For those who move to California, particularly from the east coast, one of the biggest adjustments is that winter is the “green” season and summer is the “brown” season. When summer comes, the grasses in the open spaces of the chaparral areas of the state turn into the “golden” color that gives the state its nickname “the golden state”. And the rolling hills, scattered with oaks, are quite beautiful.
On a more practical note, when the hills turn gold it means that summer is here and we need to mow the pasture. Fire is a real danger, especially near populated areas. The Oakland hills, just across the bay from us, burnt in 1991 with the cost of 25 lives and $1.5 billion in damage. When the grass gets dry, the big tractor mowers come out (we hire the guys, too big a job for us). And if you don’t get your mowing done, your neighbors will let you hear about it.
But while the pastures are brown, our gardens are overflowing with green..and purple. Let’s start with the purple. Our lavender, once just on the cusp, is in full bloom. It will last for months and the honeybees will work it, almost exclusively, for the rest of the summer. Here at the “farm” summer comes with a soundtrack, the constant humming of bees in the lavender. Both the honeybees and the native bees enjoy the lavender and completely ignore us, and everything else, while they work the flowers. Happily, the native bees will work / pollinate some of the other plants, while the honeybees seem to focus on the “highest and best” sources of nectar. That focus is what gives us “varietal” honey like clover or orange-blossom. I guess we basically get lavender honey.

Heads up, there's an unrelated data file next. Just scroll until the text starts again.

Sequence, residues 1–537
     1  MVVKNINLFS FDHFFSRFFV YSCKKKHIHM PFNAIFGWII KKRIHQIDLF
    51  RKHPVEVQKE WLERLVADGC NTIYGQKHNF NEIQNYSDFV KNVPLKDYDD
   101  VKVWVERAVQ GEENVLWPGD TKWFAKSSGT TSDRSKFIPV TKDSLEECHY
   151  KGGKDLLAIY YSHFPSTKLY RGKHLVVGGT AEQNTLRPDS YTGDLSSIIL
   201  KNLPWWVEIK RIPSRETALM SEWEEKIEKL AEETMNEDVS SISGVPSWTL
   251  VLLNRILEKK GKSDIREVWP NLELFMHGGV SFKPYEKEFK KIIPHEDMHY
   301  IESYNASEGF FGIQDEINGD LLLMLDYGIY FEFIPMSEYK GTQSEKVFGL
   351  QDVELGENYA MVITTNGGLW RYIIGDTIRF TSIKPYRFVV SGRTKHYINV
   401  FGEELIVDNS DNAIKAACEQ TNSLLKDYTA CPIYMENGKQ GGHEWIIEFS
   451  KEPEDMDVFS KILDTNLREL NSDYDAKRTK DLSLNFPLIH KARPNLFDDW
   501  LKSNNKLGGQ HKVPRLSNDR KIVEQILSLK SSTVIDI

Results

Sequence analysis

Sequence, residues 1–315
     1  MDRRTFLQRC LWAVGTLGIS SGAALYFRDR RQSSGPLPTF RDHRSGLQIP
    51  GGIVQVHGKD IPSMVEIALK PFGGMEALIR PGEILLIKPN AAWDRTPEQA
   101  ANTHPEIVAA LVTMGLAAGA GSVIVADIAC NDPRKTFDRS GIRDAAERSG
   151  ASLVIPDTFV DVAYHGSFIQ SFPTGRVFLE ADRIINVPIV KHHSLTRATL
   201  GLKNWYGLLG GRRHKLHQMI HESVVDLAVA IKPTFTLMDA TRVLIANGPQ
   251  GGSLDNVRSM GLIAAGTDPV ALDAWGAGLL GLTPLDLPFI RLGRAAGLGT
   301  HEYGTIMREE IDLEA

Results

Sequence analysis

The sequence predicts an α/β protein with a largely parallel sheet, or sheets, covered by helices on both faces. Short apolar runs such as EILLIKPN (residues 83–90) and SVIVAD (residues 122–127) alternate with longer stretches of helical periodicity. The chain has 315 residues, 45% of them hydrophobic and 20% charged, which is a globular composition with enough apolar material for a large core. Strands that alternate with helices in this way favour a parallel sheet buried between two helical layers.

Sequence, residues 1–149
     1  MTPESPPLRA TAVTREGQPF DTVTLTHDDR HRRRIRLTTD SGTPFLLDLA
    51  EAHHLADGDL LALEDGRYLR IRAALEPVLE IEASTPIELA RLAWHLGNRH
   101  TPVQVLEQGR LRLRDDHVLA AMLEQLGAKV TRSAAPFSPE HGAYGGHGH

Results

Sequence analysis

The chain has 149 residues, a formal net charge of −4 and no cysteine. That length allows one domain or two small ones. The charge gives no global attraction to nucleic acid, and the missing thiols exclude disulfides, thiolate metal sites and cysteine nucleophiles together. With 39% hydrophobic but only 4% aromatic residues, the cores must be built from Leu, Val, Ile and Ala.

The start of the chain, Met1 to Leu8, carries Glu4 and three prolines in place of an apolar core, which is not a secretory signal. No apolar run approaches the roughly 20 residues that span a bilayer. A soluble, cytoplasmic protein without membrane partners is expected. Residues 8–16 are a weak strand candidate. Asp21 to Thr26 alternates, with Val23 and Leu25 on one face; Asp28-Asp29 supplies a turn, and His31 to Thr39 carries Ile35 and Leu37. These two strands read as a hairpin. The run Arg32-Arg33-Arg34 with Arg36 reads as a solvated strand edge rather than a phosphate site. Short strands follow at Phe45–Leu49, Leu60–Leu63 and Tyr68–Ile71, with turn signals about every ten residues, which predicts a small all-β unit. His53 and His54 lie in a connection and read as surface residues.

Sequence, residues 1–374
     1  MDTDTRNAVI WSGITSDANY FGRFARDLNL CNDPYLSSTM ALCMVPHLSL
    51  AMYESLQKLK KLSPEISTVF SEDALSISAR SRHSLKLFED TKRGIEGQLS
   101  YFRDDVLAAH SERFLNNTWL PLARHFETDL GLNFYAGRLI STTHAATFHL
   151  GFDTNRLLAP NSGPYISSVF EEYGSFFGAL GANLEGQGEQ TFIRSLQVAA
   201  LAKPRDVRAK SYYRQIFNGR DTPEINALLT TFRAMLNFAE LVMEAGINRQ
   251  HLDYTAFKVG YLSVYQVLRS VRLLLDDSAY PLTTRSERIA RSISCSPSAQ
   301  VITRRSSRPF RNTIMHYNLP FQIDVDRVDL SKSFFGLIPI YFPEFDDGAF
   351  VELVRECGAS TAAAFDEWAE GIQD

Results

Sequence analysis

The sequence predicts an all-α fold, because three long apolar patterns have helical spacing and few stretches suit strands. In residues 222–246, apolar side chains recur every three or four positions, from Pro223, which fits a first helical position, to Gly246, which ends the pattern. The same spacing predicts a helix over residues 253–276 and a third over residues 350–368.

As for the green, it is all around us in the garden. Our peas are just forming pods, lettuces are at their peak and the tomatoes show their frist fruit. The tomatoes have us very excited, lots of blossoms and growth foreshadow a good crop in the late summer. And the basil runs in parallel to the tomatoes. We see Caprese salads in our future. Oddly, our zucchini plant seems more interested in growing huge leaves than in producing zucchini. We still get zucchini, but yields are lower than expected. Our arugula is also low-yield (part of a bed that seems unhappy this year). As zucchini and arugula are “easy” crops, this is a bit humbling, but such is the nature of the garden and orchard. We get a bumper crop of cherries and can barely grow zucchini. Go figure. Continue reading